BIRMINGHAM —Water Technology Assistant Editor Maria Woodie interviews Professor Stuart A. Hoenig, Emeritus, Electrical & Computer Engineering Department with the University of Arizona, about a method that involves creating fresh water from seawater.
Water Technology: You previously mentioned in an email to our publication that the basic idea of obtaining fresh water from seawater was suggested around 20 years ago, but was ignored. Why do you think this concept was ignored back then, and why is it important to address now?
Stuart A. Hoenig: The concept was ignored because at the time there was no water shortage and very few people thought about the future. Now, we are facing a world shortage of fresh water for [applications such as] agriculture. It is worse in California, which is the major source of fruits and vegetables in the U.S., and at present there is no way to desalt the Pacific Ocean (right next to California) at prices that agriculture operators could [afford to]pay.
WT: In general terms, can you please discuss some of the technologies available to extract fresh water from seawater?
SH: There is solar evaporation, which is simple but too expensive for general use. There is the familiar technique using reverse osmosis; in fact, Arizona has a federally supported plant in Yuma some 70 miles from the Gulf of California. It is operated about once a month.
I am [an advocate of] a system that takes advantage of the fact that liquid water has a vast number of positive-charged water drops.
WT: How does obtaining fresh water from seawater help to address today’s critical water challenges, such as water shortages and droughts?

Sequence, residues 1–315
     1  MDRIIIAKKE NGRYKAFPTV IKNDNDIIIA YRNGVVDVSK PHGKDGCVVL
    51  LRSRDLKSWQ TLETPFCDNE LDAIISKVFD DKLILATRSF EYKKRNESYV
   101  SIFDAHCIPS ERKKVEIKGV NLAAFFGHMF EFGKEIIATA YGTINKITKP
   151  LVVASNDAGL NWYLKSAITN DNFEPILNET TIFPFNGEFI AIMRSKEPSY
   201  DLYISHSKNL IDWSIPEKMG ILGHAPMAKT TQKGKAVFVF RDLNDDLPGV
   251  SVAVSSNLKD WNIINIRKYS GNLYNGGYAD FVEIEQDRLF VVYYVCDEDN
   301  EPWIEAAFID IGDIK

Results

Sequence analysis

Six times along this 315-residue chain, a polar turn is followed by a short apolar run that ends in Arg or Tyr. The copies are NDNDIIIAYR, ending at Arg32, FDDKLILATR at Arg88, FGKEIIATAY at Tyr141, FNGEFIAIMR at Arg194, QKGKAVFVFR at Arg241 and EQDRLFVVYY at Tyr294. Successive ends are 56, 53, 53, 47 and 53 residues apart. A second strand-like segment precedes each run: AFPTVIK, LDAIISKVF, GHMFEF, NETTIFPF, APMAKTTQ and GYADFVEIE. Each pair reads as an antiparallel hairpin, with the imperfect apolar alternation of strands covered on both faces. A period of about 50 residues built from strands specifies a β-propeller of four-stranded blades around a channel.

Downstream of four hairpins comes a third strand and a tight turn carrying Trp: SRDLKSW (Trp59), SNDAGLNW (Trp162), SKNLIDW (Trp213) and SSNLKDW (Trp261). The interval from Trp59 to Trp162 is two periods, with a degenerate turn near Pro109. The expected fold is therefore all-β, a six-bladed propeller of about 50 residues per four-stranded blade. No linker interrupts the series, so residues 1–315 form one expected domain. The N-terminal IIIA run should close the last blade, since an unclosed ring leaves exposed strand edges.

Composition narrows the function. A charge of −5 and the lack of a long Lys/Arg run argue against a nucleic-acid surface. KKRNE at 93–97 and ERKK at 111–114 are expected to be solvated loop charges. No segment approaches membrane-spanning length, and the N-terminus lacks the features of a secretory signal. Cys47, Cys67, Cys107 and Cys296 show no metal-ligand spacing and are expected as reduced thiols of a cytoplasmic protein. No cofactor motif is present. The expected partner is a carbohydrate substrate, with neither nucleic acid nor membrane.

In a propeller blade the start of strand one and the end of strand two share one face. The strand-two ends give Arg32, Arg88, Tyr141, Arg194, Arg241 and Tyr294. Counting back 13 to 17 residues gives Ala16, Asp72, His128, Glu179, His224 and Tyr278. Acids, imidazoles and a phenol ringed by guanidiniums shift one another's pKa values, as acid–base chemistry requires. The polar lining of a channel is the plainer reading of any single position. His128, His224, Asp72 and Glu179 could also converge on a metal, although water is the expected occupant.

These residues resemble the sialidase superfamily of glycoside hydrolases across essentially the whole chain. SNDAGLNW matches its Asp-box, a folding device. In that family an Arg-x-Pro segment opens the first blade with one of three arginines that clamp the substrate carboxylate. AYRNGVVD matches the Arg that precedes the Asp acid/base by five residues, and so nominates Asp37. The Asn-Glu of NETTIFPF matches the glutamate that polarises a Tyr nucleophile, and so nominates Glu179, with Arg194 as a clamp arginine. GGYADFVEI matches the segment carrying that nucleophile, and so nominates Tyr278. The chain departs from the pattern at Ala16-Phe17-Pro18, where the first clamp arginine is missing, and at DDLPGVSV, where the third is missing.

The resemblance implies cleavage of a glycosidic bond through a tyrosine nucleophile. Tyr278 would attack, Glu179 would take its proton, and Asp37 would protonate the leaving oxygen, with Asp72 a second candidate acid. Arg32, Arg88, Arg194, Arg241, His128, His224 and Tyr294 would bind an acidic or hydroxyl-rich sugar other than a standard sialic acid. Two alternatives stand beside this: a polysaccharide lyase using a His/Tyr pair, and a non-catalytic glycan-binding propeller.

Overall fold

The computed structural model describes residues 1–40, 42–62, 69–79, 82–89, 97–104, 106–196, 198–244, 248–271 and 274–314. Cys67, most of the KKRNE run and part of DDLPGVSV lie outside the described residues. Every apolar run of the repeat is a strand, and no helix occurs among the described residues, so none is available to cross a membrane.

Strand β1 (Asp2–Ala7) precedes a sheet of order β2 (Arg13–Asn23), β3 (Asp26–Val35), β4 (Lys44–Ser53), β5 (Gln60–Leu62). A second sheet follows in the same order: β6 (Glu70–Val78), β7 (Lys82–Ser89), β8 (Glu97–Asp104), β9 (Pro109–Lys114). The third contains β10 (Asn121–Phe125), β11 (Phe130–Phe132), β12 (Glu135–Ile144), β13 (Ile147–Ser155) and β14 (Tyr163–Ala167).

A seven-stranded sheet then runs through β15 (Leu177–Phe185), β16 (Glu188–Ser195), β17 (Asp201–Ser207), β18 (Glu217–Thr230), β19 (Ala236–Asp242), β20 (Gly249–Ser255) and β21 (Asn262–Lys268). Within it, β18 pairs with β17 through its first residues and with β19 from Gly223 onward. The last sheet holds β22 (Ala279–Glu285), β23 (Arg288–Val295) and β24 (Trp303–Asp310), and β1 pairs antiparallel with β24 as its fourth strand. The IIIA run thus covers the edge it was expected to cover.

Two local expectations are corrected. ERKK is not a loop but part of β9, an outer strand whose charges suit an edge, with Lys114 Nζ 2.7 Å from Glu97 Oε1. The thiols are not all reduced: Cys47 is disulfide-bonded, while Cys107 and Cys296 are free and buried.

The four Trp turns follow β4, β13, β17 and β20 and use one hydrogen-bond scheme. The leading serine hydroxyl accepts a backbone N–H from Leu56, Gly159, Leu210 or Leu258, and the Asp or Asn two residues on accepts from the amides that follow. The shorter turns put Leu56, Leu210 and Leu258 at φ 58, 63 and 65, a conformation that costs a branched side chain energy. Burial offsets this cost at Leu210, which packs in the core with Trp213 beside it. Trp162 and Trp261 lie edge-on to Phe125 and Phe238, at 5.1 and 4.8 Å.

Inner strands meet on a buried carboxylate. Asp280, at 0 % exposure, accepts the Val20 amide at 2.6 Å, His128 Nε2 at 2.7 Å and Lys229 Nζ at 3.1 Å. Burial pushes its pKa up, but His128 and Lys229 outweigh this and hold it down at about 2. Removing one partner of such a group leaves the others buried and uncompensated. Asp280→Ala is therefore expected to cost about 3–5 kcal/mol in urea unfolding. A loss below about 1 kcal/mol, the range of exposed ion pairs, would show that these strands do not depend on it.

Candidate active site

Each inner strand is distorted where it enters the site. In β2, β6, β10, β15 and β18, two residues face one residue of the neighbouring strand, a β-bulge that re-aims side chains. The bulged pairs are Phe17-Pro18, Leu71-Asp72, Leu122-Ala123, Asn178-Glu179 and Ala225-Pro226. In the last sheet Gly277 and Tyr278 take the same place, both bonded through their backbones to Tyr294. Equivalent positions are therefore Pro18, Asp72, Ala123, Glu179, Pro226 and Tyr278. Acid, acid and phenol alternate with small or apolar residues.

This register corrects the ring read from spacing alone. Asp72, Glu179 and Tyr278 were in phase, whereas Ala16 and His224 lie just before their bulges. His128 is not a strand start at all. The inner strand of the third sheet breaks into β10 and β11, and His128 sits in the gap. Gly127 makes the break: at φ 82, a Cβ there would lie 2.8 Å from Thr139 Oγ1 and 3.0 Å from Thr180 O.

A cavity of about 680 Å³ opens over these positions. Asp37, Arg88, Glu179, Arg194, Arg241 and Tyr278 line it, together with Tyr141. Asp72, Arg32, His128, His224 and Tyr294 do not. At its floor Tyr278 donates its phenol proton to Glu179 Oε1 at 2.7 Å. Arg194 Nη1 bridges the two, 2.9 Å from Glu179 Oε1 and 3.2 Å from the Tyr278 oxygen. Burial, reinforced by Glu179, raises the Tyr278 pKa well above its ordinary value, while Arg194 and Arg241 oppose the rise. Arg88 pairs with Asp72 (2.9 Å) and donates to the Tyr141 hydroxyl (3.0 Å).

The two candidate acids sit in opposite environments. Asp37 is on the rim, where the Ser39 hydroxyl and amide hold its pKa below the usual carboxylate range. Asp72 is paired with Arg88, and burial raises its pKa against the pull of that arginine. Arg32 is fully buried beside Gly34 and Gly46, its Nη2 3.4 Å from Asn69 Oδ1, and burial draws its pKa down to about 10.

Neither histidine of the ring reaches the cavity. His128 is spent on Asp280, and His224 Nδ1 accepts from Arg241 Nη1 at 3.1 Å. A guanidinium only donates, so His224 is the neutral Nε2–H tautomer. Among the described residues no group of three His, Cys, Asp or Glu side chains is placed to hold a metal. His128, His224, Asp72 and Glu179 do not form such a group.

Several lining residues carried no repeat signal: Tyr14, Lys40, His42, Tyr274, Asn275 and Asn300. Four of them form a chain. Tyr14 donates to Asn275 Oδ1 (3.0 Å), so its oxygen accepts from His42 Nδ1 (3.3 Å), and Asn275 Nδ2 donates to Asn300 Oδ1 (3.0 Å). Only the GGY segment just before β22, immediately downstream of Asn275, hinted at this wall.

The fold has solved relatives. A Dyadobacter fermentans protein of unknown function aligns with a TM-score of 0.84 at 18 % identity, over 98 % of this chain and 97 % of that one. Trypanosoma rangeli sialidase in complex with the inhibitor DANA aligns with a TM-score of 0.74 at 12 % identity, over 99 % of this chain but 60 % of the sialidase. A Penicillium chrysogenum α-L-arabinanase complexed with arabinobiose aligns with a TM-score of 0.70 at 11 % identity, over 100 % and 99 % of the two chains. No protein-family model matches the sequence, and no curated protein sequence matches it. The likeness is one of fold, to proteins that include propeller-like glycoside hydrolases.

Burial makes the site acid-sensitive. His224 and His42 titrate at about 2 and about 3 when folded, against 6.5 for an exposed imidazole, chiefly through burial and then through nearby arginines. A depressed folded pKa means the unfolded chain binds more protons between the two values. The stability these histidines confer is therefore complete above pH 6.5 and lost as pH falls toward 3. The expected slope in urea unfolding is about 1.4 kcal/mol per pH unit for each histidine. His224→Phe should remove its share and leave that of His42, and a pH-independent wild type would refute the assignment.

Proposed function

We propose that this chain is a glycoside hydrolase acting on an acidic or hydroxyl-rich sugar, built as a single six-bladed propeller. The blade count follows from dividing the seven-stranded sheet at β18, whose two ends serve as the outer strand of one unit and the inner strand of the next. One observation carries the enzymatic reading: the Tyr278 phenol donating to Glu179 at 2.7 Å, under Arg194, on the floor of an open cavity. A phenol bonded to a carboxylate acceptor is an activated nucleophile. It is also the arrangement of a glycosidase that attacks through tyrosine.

SH: The oceans are the only large water source on the planet. In normal times, evaporation from the oceans has provided the water to drink and to grow things. Now the Earth is in a long dry spell. [And as the population keeps increasing], using charge-driven evaporation [can help provide an] answer to the world water shortage and droughts.
Water is preserved in the ground, which has happened naturally for millions of years. This stored water is sometimes too salty for use, but the unsalted water has been tapped for years. The problem in California is that the available underground water is pretty well gone. The idea of injecting seawater into the Earth raises the question: “How long will it take to make the salt water into fresh water?”
WT: Is there anything else you would like our readers to know regarding fresh water and/or fresh water extraction?
SH: People should know that the crisis of drinking water shortages is upon us. Some areas of the planet, primarily the deep North and South regions may not have felt it yet, but they should realize that the great majority of food is in what might be called "the dry area.”